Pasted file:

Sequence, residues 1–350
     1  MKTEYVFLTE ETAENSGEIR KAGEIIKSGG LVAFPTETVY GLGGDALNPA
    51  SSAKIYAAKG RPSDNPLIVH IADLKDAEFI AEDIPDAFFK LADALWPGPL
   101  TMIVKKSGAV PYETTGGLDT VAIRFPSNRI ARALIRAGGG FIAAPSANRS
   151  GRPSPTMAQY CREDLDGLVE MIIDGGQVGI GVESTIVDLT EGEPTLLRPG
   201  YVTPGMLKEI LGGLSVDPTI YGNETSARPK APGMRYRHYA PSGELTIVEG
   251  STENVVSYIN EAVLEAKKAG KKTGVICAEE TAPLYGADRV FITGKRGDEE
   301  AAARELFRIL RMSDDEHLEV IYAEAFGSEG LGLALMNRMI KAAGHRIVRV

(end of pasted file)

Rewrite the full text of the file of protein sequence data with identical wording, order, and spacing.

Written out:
Sequence, residues 1–350
     1  MKTEYVFLTE ETAENSGEIR KAGEIIKSGG LVAFPTETVY GLGGDALNPA
    51  SSAKIYAAKG RPSDNPLIVH IADLKDAEFI AEDIPDAFFK LADALWPGPL
   101  TMIVKKSGAV PYETTGGLDT VAIRFPSNRI ARALIRAGGG FIAAPSANRS
   151  GRPSPTMAQY CREDLDGLVE MIIDGGQVGI GVESTIVDLT EGEPTLLRPG
   201  YVTPGMLKEI LGGLSVDPTI YGNETSARPK APGMRYRHYA PSGELTIVEG
   251  STENVVSYIN EAVLEAKKAG KKTGVICAEE TAPLYGADRV FITGKRGDEE
   301  AAARELFRIL RMSDDEHLEV IYAEAFGSEG LGLALMNRMI KAAGHRIVRV